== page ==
I have no prior experience listening to Black Country, New Road’s first handful or singles or their material from their previous formation Nervous Conditions. I always try to listen to records that receive overwhelmingly positive attention, so I cautiously came into “For the First Time” absolutely cold, hoping I’d at least enjoy myself. And goddamn, it’s fucking great.
For those unfamiliar with the band’s story, the band originally was called Nervous Conditions, and right when they really started developing a following their lead singer was hit with multiple sexual assault allegations. After something as traumatic as that, the band would be more than forgiven for not wanting to make music together anymore, but after kicking out said abuser and a minor lineup change, the group soldiered on now as Black Country, New Road.
At forty minutes long with six tracks all longer than four and a half minutes at length, two of them riding close to the ten minute mark, “For the First Time” is actually quite an easy listen that flows very well, and I’d have to say that’s due to the band not wasting a single note. For every second you’re hit with a fantastic build of tension, or a cathartic release of tension, or an abstract and poetic lyric, or a earwormy musical motif, or a moment of bliss - sometimes all at the same time. The experimental rock band has a great knack of going from a moment of beauty to absolute chaos in mere seconds, yet it never feels unearned or out of nowhere. The band uses their blend of post-punk, math rock, klezmer, and jazz rock to have these moments that build and build and build to the point of musical edging, and when the band finally lets you climax - blissful release, chef’s kiss.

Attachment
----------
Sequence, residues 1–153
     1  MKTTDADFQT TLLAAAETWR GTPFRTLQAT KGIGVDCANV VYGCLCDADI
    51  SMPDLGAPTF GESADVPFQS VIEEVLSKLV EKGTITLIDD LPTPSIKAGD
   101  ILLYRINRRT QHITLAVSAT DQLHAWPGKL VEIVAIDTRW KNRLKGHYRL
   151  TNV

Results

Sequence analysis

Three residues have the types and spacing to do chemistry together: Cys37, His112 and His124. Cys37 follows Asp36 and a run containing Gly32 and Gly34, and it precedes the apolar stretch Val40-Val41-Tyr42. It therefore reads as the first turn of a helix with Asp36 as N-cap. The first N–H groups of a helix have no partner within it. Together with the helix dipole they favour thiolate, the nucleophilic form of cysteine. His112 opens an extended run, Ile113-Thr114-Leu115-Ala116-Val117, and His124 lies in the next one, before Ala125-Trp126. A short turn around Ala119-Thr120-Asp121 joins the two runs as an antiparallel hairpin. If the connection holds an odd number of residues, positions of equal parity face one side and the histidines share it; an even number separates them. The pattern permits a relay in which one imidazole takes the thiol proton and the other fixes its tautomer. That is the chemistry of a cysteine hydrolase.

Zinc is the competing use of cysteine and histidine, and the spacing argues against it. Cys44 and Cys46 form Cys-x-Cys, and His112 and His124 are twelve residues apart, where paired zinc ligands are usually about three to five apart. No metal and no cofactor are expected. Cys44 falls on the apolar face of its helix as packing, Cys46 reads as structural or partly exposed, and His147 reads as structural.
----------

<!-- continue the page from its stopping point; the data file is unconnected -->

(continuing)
Every member here also gets to shine, making no member of the seven piece feel unnecessary. The bass and drums hold the rhythm while stills being unique enough to stand out, the guitars are technical without needless wankery, the keys are layered beautifully and add texture, Isaac Wood’s vocals always sound like they’re on the verge of a panic attack, going from tensely quiet and breaking to straight up roaring, and the violin and saxophone is the absolute highlight of this record, playing beautiful passages in one moment and creating absolute hell in the other.
Besides a few nitpicks that I think some listeners could easily overlook, it’s safe to say that I love this record. There’s not much else I could ask from a debut record, except that I think we’ve only just begun to see where the band will go - as great as the album is, I still think their masterpiece is yet to come, and that’s what makes artists like Black Country, New Road so exciting. Until then, I will be happily replaying the fuck out of “For the First Time”.